MT SURVEY OF SURVEYS - AIR TRAVEL

With shrinking travel budgets plus health and security worries, low-cost airlines have stolen the thunder of their older rivals. But MT's latest research round-up suggests that plenty of regular fliers still prefer the full-service treatment and are happy to pay for it.

by
Last Updated: 31 Aug 2010

If you've seen the current United Airlines ad campaign - the one where the hapless underling steps deliberately into his boss's golf swing rather than face the living hell of a long business trip to the States - you might wonder what has happened to the excitement of air travel.

After the triple whammy of 9/11, SARS and the Iraq war, with all the subsequent unease and security implications, flying has never looked less fun. Travelling with Ryanair and easyJet is more like catching a bus (woe betide you if you miss it), and the ultimate in airborne glamour - Concorde - has just been pensioned off.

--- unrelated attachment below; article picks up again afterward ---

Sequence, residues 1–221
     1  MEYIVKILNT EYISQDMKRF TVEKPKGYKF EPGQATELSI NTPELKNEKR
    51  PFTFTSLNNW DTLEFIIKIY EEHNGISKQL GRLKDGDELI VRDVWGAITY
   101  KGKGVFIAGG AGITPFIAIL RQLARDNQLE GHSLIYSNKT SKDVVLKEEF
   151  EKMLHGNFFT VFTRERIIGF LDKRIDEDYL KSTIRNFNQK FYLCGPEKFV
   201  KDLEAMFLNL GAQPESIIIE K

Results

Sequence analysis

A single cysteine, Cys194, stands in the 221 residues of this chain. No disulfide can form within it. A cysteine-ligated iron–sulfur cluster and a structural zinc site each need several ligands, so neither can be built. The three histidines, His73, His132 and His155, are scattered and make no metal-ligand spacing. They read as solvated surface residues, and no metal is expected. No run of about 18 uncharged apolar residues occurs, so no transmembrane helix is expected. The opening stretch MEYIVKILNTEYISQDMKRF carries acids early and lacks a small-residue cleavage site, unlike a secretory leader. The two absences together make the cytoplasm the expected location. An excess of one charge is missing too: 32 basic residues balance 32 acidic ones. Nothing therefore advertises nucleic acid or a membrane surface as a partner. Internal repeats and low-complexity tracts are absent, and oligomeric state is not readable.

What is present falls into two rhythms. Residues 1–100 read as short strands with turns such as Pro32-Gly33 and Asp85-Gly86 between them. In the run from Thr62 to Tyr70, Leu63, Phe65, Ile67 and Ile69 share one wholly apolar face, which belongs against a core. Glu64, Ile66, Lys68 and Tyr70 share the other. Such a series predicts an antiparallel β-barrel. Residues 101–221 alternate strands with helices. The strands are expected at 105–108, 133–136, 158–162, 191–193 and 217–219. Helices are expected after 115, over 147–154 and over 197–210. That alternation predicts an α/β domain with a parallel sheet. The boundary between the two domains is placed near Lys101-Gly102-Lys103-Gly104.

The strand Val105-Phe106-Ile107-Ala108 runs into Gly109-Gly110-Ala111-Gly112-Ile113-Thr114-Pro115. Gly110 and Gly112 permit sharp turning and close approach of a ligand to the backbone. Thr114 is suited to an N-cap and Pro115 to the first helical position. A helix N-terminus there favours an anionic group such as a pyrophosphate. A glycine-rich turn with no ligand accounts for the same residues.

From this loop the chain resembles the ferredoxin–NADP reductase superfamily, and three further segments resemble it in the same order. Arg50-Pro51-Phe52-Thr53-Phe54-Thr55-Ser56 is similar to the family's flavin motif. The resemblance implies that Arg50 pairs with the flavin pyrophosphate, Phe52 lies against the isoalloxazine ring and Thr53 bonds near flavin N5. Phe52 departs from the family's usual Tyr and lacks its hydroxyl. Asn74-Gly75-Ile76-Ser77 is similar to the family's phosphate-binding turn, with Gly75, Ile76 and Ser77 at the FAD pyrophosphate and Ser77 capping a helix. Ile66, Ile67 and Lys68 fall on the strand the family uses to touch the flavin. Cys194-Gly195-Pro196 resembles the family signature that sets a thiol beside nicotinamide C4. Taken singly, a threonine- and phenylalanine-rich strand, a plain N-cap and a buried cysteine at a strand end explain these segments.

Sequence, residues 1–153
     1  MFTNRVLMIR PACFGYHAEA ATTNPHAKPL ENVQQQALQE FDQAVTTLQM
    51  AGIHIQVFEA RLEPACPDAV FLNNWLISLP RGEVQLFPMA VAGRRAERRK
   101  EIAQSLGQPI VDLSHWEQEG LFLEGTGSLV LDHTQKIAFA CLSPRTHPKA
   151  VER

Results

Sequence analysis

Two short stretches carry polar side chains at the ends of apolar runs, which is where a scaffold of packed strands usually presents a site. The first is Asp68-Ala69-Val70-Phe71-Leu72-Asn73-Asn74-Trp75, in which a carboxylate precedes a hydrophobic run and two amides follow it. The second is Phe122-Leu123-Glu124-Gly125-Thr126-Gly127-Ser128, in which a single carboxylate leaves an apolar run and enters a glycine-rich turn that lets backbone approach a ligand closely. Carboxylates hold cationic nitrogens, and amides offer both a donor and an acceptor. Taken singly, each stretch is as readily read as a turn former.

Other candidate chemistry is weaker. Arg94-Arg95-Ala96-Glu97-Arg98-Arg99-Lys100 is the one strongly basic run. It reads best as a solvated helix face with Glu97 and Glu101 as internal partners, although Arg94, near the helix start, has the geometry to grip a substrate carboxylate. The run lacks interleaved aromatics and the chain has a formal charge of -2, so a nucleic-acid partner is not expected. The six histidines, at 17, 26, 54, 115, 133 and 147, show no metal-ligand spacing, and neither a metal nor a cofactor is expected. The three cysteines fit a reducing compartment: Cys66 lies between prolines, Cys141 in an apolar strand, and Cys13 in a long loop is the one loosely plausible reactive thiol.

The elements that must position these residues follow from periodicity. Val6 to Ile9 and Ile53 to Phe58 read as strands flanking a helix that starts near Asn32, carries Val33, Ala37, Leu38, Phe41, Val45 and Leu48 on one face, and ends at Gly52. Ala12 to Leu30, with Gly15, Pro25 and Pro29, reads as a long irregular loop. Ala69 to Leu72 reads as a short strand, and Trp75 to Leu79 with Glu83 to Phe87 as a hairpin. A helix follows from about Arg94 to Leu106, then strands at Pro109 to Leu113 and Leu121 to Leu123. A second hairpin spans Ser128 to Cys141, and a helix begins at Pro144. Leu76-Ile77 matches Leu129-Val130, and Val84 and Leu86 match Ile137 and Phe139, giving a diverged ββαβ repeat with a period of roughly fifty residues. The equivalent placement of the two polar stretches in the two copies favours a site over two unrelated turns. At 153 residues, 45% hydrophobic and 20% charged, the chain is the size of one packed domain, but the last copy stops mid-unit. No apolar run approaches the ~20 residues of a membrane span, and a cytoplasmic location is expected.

But does business travel really have to be like that? Here at MT we don't think so, and in an effort to put some of the romance and prestige back into business flying, we have produced the ultimate list of the nation's top five airlines - as chosen by those who fly with them. Combining the results of five of the most respected awards and surveys in the business, our list is the last word in airborne assessment and proves that plenty of regular business travellers prefer a comfy seat, loads of legroom and attentive service to rock-bottom prices and a nine-hour stopover in Samarkand.